New York City, NY  (July 28, 2014) More than just a hashtag, We Need Diverse Books is a grassroots organization created to address the lack of diverse, non-majority narratives in children’s literature.  We Need Diverse Books is committed to the ideal that embracing diversity will lead to acceptance, empathy, and ultimately equality. Its mission is to promote or amplify diversification efforts and increase visibility for diverse books and authors, with a goal of empowering a wide range of readers in the process.             
     
    In order to accomplish its mission, We Need Diverse Books reaches out to individuals and groups involved in many levels of children’s publishing—including but not limited to publishers, authors, distributors, booksellers, librarians, educators, parents, and students.  “Incorporating will give us the legitimacy and standing we need to move forward with our mission,” says Lamar Giles, VP of Communications. “We have many exciting projects in the works.”
     
    In addition to a Diversity Festival planned for 2016, We Need Diverse Books plans to initiate a grant program to support diverse authors, bring Diversity into the Classroom with collaborations with First Book and the National Education Association, and develop a “diversity toolkit” for librarians and booksellers.
     
    Inaugural advisory board members includes Grace Lin, Jacqueline Woodson, Matt de la Peña, Cynthia Leitich Smith, and Cindy Pon. “Each of these members has a history of advocating for diverse books, and is a pioneer in the field of children’s literature. They will not only increase our visibility as an organization, but light the way going forward,” said Ellen Oh, President of We Need Diverse Books.
     
    On the heels of its enormously successful panel at the inaugural Book Con, the We Need Diverse Books team has been invited by the New Atlantic Independent Booksellers Association (NAIBA) to present the first ever diverse author signing and reception, and present panels at the Baltimore Book Festival, National Council of Teachers of English (NCTE), the American Library Association (ALA), and the Society of Children’s Book Writers and Illustrators (SCBWI), among others.

  9. teensy hiatus

    Hi all -

    I haven’t taken a break in… A WHILE, and I have lots of stuff planned over the next few weeks, including a stint at the LA SCBWI Summer Conference! Come say hi if you will be theeeeeere.

    All this to say that this blog will be taking a little nap for a bit. Not too long. I’ll probably post sporadically over the next few weeks. Then I’ll be back!

    Kisses!

  10. wearetatal:

    We’re starting our trip back in time with teen reviewer Libby’s look at Libba Bray’s The Diviners.

    The Diviners by Libba Bray is an odd but compelling combination of 1920’s thriller and supernatural powers. Its a mystery with all sorts of secrets, drama, murder, jazz, and intrigue. Evie O’Neal is moving to New York City from her hometown in Ohio. Its 1926, and she couldn’t be more excited for her big city adventure. Except that once she arrives, she finds that things may not be as great as they seem. First she finds herself living with her Uncle Will, the curator of the Museum of American Folklore, Superstition, and the Occult, also known as the Museum of Creepy Crawlies. The city is being rocked by a sensational series of strange and ritualistic killings, and Uncle Will is called in to consult. Evie might be able to help, but only if she reveals a secret supernatural power she doesn’t entirely understand. As the hunt for the killer escalates, Evie discovers that Uncle Will and her new friends may also have secrets of their own. Can they stop the killer from creating anymore chaos? Is the killer even human?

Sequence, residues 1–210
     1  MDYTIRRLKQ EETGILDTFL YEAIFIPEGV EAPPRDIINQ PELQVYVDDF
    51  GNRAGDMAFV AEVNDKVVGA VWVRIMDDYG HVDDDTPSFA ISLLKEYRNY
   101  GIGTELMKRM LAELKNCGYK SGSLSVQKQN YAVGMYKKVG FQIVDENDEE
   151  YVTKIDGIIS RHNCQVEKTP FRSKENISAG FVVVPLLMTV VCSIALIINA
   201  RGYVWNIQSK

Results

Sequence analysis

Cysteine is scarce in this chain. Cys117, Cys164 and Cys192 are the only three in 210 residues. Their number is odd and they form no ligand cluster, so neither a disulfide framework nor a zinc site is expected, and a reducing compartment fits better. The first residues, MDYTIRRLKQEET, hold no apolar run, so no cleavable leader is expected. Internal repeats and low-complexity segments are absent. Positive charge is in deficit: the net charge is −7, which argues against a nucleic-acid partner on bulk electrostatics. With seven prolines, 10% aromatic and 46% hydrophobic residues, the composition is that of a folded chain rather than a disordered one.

The Diviners is mostly Evie’s story, but there are chapters of the book that are from the perspectives of other New Yorkers who are dealing with their own supernatural experiences. Memphis has dreams he can’t explain. Jerecho has a mysterious medical condition. Their pieces of the story add more layers to the overall plot and serve as a great setup for the sequel, “Lair of Dreams,” which is set to come out in 2015.

    This book was the creepiest thing I’d read in a long time. I started it in the middle of the afternoon, and couldn’t put it down. By the time I finished, it was two in the morning and I was the only one awake in a dark and silent house and I didn’t think I’d ever sleep properly again. The writing is vivid, which makes all the little details pop out, even when they’re terrifying. Its clear Libba Bray did her research, and the mythology is consistent and blends into the reality of Evie’s world. While I did find some of the 1920’s expressions off-putting, the details and the mystery were more than enough to make up for it. The characters are relatable, the killer is the definition of evil, and the adventure is exciting. I recommend reading
    The Diviners with the lights on.

    Read More:

    Up and Coming: The Diviners by Libba Bray

    You Oughta Be In Pictures: The Diviners by Libba Bray

    A Very YA Halloween